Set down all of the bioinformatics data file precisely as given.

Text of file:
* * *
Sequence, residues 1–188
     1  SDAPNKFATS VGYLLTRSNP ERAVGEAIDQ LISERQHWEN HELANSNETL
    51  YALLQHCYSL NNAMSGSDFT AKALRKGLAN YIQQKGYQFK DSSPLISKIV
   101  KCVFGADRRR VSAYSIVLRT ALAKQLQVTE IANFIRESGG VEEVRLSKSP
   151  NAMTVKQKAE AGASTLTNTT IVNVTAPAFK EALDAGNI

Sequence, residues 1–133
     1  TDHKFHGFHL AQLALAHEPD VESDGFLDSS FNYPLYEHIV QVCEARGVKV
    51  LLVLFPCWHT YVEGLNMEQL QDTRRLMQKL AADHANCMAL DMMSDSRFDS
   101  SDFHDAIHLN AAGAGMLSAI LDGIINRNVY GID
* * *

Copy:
Sequence, residues 1–188
     1  SDAPNKFATS VGYLLTRSNP ERAVGEAIDQ LISERQHWEN HELANSNETL
    51  YALLQHCYSL NNAMSGSDFT AKALRKGLAN YIQQKGYQFK DSSPLISKIV
   101  KCVFGADRRR VSAYSIVLRT ALAKQLQVTE IANFIRESGG VEEVRLSKSP
   151  NAMTVKQKAE AGASTLTNTT IVNVTAPAFK EALDAGNI

Sequence, residues 1–133
     1  TDHKFHGFHL AQLALAHEPD VESDGFLDSS FNYPLYEHIV QVCEARGVKV
    51  LLVLFPCWHT YVEGLNMEQL QDTRRLMQKL AADHANCMAL DMMSDSRFDS
   101  SDFHDAIHLN AAGAGMLSAI LDGIINRNVY GID